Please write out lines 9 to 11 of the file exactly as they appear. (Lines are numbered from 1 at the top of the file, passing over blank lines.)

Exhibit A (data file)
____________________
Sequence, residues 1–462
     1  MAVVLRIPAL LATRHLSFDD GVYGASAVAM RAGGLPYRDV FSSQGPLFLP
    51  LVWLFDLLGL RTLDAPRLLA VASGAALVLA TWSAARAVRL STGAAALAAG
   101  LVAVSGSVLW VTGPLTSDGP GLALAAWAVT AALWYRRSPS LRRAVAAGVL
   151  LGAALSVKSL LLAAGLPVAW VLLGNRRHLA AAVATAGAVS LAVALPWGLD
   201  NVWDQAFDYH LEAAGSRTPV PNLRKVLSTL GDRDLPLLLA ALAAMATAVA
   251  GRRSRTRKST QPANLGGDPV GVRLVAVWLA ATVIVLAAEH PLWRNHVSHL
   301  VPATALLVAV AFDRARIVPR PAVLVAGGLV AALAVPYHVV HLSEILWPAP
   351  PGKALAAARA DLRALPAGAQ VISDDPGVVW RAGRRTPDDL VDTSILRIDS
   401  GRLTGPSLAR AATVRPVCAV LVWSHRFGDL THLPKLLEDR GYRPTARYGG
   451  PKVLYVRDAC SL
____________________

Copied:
   351  PGKALAAARA DLRALPAGAQ VISDDPGVVW RAGRRTPDDL VDTSILRIDS
   401  GRLTGPSLAR AATVRPVCAV LVWSHRFGDL THLPKLLEDR GYRPTARYGG
   451  PKVLYVRDAC SL